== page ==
But we have a bigger problem with privacy - in that when people abuse (either sexually, emotionally or physically) their family they usually do this in the privacy of their own home. But privacy extends way beyond the home - it can be done in all manner of ways on the internet.
Well I won't go into corporations invading our privacy in our homes via computers and the IoT.
My issue is that all the invasion of our privacy via corporations doesn't protect us from those who'd harm us in our homes.
If you are being abused by a parent it's not like google or the NSA is going to come rescue you and stop the abuse.
Some while back on Facebook a guy I'd never met sent me a photo of his erection - in private. He sent it via direct message - so it was all done in private - you know - so everyone will continue to think this guy is a good guy because he'd never do such a thing - in private - because we can't see it - it probably never happened - right?
This is where privacy becomes part of rape culture - you see if the guy did come around to my house and physically raped me - it'd then become a matter of he said/she said. Because we've been acculturated to believe that rape is her fault - what was she wearing - in this case - what was my avatar on Facebook at the time - and no doubt Facebook knows what it was just in case such an event does occur and press charges. So then they both (the guy doing the raping and facebook) can prove I was being a saucy minx who had it coming.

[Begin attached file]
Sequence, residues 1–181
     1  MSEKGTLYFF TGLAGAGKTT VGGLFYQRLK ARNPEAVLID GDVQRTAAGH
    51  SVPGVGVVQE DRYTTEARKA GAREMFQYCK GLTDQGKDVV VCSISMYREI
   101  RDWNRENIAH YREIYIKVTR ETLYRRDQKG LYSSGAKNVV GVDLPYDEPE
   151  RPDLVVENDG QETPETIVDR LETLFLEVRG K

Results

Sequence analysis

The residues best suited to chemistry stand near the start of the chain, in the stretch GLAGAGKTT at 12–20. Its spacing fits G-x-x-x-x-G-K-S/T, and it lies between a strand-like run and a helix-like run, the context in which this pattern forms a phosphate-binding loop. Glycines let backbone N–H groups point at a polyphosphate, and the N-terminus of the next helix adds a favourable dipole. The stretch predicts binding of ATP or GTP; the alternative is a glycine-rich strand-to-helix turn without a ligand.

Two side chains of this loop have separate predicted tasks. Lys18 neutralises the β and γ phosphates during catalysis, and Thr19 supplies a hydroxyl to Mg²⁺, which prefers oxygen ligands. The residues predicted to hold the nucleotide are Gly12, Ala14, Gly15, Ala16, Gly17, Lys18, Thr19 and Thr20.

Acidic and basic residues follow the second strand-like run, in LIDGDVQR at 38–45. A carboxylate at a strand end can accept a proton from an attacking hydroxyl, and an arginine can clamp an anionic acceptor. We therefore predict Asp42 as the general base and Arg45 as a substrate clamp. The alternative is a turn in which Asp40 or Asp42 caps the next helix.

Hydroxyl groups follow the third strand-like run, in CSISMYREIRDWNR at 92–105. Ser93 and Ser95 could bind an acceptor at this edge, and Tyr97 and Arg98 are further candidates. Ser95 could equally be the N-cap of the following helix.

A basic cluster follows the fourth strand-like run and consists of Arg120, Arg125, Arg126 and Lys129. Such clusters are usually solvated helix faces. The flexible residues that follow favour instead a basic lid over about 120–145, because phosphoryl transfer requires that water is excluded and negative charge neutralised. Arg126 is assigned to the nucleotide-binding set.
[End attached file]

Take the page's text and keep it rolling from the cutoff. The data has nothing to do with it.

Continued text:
It probably would never come out in court that I do not know this guy from a grain of salt.
Anyway, Facebook says it's not against community standards to send unsolicited photos of erect penises via direct message. And if something did happen no doubt it'd be back to he-said/she-said. When I reported the photo and person I got the above response from Facebook.
In other words, Facebook enables rape culture with their policy.
A friend with whom I discussed this said that this guy was 'figuratively' raping.